The Perkins Brailler contributes in another way to the independence of people with disabilities in developing countries. Assembling the braillers is a source of livelihood for many people in India, Brazil and South Africa. Not only are the braillers useful as finished products, available at lower cost because they’re assembled locally, but their assembly provides jobs for people who would otherwise struggle to find a livelihood.
From its beginnings in David Abraham’s basement workshop in Watertown, Massachusetts, the Perkins Brailler has attained a worldwide reputation for its quality and reliability. More than 50 years after the machine was first produced, the Perkins Brailler continues to play a part in bringing education, literacy and independence to people throughout the world.
Jan Seymour-Ford /April 2002
1. Edward J. Waterhouse, “Current Status of the Perkins Brailler,” The New Outlook for the Blind, vol. 52, no. 4 (1958): 139-140.
2. Edward J. Waterhouse, History of the Howe Press of Perkins School for the Blind (Watertown, Mass.: The Howe Press of Perkins School for the Blind, 1975): 16.
3. Harry J. Friedman, “The Technological Origin and Development of Mechanical Writing Devices for the Blind,” paper reprinted from Proceedings of the International Congress on Technology and Blindness, vol. 3 (ca.1963): 149.
4. Waterhouse, History of the Howe Press, 16.
5. Edward J. Waterhouse, “The Perkins Brailler: A Brief History,” The Lantern, vol.33, no.2 (1969): 3.
6. Waterhouse, History of the Howe Press, 28.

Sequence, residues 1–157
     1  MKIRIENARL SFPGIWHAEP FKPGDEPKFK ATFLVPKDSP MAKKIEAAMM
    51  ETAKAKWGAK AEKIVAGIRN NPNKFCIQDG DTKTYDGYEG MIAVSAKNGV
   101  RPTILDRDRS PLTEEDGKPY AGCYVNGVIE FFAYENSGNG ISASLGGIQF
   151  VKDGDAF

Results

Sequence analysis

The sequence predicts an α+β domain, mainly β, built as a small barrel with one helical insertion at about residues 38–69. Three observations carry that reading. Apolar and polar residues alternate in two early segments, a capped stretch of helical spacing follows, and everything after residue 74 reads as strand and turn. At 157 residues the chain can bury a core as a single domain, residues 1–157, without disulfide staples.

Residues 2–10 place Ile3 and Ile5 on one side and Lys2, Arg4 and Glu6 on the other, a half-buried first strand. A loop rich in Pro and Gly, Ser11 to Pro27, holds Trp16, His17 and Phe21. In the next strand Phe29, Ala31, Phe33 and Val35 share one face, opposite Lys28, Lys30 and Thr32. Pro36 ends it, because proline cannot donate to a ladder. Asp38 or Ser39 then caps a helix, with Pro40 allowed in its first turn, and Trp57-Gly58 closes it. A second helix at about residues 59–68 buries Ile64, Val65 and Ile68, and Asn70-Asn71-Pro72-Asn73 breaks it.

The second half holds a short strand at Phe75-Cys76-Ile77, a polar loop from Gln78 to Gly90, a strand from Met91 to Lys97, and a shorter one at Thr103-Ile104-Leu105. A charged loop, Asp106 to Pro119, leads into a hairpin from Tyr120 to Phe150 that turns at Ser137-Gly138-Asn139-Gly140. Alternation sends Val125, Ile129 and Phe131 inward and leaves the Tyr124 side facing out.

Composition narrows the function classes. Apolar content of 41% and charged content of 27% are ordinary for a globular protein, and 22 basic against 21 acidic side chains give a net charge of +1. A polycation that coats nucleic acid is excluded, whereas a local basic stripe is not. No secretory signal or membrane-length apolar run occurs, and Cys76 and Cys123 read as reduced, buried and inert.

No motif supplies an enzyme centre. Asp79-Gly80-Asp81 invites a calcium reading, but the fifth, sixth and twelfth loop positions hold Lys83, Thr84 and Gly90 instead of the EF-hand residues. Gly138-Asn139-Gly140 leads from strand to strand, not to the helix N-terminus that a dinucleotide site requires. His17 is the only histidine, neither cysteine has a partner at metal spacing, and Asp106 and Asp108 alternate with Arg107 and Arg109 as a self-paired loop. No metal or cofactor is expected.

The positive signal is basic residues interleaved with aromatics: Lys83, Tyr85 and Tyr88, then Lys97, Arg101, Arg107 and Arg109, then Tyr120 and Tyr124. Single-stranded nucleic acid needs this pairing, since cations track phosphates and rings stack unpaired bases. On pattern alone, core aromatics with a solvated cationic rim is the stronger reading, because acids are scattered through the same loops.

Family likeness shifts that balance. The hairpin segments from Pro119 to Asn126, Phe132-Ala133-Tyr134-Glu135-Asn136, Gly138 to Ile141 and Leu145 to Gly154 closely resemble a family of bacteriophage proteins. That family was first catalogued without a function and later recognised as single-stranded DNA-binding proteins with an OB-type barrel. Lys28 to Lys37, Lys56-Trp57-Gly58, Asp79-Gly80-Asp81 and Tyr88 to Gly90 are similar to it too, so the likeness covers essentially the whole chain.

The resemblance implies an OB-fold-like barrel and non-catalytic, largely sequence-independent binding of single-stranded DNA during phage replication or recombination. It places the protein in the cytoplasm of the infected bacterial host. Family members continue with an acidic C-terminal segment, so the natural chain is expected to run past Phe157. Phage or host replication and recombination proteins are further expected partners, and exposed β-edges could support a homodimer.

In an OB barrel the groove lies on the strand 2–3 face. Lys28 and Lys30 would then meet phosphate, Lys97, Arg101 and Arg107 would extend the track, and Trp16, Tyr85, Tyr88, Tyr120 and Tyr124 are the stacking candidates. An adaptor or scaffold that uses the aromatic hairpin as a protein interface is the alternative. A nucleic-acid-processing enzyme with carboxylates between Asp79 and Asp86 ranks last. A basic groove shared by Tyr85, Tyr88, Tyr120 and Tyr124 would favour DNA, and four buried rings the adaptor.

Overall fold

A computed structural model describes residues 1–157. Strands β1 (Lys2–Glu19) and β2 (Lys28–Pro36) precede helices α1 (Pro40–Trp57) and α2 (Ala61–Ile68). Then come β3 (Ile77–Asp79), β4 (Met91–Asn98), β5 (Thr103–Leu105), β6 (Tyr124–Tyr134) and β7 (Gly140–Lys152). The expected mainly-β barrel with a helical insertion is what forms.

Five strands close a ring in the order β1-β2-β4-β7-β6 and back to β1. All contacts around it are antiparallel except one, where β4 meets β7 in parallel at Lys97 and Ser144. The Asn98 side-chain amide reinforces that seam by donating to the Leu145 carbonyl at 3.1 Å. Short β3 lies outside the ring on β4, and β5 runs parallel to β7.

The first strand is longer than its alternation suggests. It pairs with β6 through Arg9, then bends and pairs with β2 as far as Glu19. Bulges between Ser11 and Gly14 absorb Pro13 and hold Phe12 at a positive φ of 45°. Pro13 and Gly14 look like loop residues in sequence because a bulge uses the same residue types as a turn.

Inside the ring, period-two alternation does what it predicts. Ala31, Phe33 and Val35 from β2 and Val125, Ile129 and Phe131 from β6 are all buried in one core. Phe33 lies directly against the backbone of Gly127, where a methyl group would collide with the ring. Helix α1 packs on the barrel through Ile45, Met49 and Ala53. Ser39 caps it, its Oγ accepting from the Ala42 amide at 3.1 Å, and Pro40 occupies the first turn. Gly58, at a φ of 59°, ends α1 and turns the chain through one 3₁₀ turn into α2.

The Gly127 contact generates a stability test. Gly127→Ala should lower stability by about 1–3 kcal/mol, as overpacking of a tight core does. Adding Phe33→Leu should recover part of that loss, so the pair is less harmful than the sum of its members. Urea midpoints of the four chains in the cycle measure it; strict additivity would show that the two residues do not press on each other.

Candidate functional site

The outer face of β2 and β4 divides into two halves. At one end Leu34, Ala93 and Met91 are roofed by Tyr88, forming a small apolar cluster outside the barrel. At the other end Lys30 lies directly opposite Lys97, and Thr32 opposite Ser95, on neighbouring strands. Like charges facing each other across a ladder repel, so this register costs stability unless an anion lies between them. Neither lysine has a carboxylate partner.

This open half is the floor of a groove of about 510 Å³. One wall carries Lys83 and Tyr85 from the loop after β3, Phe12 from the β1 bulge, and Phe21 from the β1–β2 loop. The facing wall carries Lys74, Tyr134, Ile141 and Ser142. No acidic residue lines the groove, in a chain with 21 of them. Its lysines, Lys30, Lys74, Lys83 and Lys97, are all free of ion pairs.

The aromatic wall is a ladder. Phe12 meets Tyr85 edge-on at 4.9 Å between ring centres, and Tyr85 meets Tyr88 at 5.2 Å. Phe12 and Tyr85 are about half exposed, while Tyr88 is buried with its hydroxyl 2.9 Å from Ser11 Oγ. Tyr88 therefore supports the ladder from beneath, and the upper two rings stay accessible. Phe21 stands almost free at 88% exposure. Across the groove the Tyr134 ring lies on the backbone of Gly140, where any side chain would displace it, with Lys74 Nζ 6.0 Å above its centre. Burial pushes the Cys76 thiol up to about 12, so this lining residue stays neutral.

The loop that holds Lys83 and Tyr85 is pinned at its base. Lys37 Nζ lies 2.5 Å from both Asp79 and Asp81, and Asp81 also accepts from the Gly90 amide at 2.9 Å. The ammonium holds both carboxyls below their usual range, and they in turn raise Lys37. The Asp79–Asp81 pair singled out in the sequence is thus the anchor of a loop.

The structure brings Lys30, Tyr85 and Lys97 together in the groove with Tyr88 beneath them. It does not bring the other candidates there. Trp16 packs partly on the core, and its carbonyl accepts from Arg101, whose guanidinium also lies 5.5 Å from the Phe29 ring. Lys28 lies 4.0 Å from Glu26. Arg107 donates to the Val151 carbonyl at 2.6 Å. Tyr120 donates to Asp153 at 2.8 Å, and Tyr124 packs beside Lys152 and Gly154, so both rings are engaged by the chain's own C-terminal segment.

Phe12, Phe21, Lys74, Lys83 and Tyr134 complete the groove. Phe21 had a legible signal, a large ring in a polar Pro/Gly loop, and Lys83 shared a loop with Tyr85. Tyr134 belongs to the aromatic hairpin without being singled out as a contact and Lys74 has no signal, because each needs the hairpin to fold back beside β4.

7. Waterhouse, “The Perkins Brailler: A Brief History,” 3.
8. Waterhouse, History of the Howe Press, 29.
9. Waterhouse, History of the Howe Press, 29.
10. Waterhouse, “The Perkins Brailler: A Brief History,” 4.
11. Waterhouse, History of the Howe Press, 29-30.
12. Waterhouse, History of the Howe Press, 29.
13. Waterhouse, “The Perkins Brailler: A Brief History,” 4.
14. Waterhouse, History of the Howe Press, 30.
15. Waterhouse, History of the Howe Press, 30.
16. Waterhouse, “The Perkins Brailler: A Brief History,” 4-5.
17. Edward J. Waterhouse, “Production of the Perkins Brailler,” The Lantern, vol. 26, no. 3 (1957): 13.
18. Waterhouse, “Current Status of the Perkins Brailler,” 140.
19. Waterhouse, “Production of the Perkins Brailler,” 13.
20. Waterhouse, “Current Status of the Perkins Brailler,” 140.
21. “Promoting Braille Literacy Worldwide,” The Lantern, vol. 47, no. 2 (1998): 5-6.
22. “Promoting Braille Literacy Worldwide,” 6.
23. “Promoting Braille Literacy Worldwide,” 10-11.